Give it up, buy in and figure it out. In short, that was the message from Kevin McEnery, MD, to his fellow informaticists at the recent meeting of the Society for Imaging Informatics in Medicine (SIIM), Inner Harbor, Maryland.
Let go of past practice patterns, embrace ACR’s Imaging 3.0 vision of the future, roll up your sleeves and help create radiology’s IT value platform, urged the director of innovation in imaging informatics, department of radiology, MD Anderson Cancer Center, Houston, Texas. “It is not SIIM’s role to set policy, but it is SIIM’s role to implement and change radiology through IT systems,” he asserted.
To date, everything that informaticists have done is to create “more stuff,” McEnery contended, but the game is changing and so must imaging informatics. “Radiologists are not going to be asking how fast you can get images from the scanner, they are going to be asking, ‘How can I add value to our practice?’” he noted. “That is our charge, that is what we need to be working on.”
In an unsettling analogy, McEnery compared radiology and its transition to value-based payment models to the Apollo 13 mission—one in which failure is not an option. “I would argue that Apollo 13 has left the Launchpad, and something catastrophic is going to happen,” he said. “This is going to be a very stressful time, but stress is an opportunity to move things along, predict where the puck is going to be and actually thrive in this environment. I think we can thrive, but we have to do this together.”
Moving the puck
Reciting Michael Porter’s by-now-familiar equation for creating value in healthcare, McEnery said that achieving outcomes at the lowest possible cost is the yardstick by which all innovation heretofore will be measured. “It’s a really difficult process to determine the outcomes (in radiology), but I think this is our charter,” he advised. “We have to stop worrying about metrics of volume and revenue focus, and how how thin the CT slices are—that doesn’t matter if it doesn’t change what the ordering doctor is going to do.”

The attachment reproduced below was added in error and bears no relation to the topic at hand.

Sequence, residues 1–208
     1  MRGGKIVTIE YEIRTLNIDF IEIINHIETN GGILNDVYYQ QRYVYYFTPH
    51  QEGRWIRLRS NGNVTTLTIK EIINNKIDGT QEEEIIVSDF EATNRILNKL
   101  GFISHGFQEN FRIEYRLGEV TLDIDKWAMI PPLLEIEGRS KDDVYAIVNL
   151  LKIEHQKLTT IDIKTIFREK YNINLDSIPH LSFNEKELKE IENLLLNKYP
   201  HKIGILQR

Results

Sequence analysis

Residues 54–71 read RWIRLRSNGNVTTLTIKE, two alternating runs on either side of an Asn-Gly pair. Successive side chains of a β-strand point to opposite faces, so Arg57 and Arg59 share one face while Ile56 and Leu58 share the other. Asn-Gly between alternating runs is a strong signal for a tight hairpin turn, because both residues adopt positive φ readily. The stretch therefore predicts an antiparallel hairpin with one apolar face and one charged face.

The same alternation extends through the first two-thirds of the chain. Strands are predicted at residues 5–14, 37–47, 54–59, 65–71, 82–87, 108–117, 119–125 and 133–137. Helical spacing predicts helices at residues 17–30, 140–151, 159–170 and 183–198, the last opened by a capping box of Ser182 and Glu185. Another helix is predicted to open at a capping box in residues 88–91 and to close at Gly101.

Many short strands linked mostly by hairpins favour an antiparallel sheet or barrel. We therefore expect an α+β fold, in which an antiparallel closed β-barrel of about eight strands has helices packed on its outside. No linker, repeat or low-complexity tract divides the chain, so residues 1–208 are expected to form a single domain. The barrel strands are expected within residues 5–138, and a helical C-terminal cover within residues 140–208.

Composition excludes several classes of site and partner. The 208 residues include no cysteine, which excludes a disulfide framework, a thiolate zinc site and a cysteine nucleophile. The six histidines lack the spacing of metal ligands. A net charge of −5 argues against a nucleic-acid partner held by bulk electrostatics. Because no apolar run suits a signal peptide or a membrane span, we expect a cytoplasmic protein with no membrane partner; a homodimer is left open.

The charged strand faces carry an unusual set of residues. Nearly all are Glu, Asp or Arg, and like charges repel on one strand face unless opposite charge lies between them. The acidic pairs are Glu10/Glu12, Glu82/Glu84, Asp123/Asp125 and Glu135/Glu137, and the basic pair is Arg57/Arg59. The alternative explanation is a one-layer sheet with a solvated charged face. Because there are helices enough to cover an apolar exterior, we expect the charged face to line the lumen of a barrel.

Apollo 13 Reading List
Kevin McEnery, MD, director, Innovation in Imaging Informatics, MD Anderson Cancer Center, Radiology Department, recommends two must-read publications for imaging informaticists as they leave the Launchpad on the way to value-based payment.
McEnery did not imply that state-of-the-art technology has no place in value creation. “We better be able to prove that those fancy CT scanners and MR scanners add value,” he said. “I think we can, but we have to move the puck.”
Assessing the lay of the land, he attributed the fast pace of consolidation in the hospital market to the need to develop centers of excellence for care delivery. In order for radiology to participate in that activity, its IT systems and infrastructure must be aligned.
“The strategy involves, at its baseline, informatics,” he said. “We’ve thrived in this environment, we moved radiology from film to filmless; we did that, it’s done. But we have to keep on moving the puck.”
The value IT platform
What will radiology’s new value IT platform look like? Radiology must work with IT vendors to create a new IT platform that is centered on the patient and provides radiologists access to all of the patient data that drives the care process.
The platform must be built on common data definitions, templates and structured reporting. While building this platform, IT professionals must ask themselves the following questions:
- Are you providing the IT systems that allow radiologists to be consultants?
- Are they patient centric?
- Do your IT systems improve the patient experience?
- Are your IT systems integral to the patient’s care?
- Are they accountable?
“It’s about the entire process of taking care of the patient,” he said. “It’s the order, the protocols we create, the acquisition that’s done at the scanners, the interpretation which leads to the report, which leads to another order or a better outcome for the patient.”
Above all, the patient must become the central concern. Orders must be appropriate for the patient’s presentation and optimized to inform the clinical decision process. Acquisitions must be optimized to deliver a dose that is adequate for the diagnosis and the age and condition of the patient. Reports